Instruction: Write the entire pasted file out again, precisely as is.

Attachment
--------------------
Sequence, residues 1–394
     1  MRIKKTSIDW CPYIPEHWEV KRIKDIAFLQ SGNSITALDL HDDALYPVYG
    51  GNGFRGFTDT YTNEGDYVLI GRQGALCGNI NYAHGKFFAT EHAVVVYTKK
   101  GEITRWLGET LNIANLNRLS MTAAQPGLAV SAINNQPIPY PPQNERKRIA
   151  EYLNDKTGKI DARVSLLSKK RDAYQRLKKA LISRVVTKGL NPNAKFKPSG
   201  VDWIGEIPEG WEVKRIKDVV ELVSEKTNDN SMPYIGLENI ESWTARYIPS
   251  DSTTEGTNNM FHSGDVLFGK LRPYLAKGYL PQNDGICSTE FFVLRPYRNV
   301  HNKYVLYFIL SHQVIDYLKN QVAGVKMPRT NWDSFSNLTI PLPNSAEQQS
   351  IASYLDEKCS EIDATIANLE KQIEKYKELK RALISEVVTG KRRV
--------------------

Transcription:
Sequence, residues 1–394
     1  MRIKKTSIDW CPYIPEHWEV KRIKDIAFLQ SGNSITALDL HDDALYPVYG
    51  GNGFRGFTDT YTNEGDYVLI GRQGALCGNI NYAHGKFFAT EHAVVVYTKK
   101  GEITRWLGET LNIANLNRLS MTAAQPGLAV SAINNQPIPY PPQNERKRIA
   151  EYLNDKTGKI DARVSLLSKK RDAYQRLKKA LISRVVTKGL NPNAKFKPSG
   201  VDWIGEIPEG WEVKRIKDVV ELVSEKTNDN SMPYIGLENI ESWTARYIPS
   251  DSTTEGTNNM FHSGDVLFGK LRPYLAKGYL PQNDGICSTE FFVLRPYRNV
   301  HNKYVLYFIL SHQVIDYLKN QVAGVKMPRT NWDSFSNLTI PLPNSAEQQS
   351  IASYLDEKCS EIDATIANLE KQIEKYKELK RALISEVVTG KRRV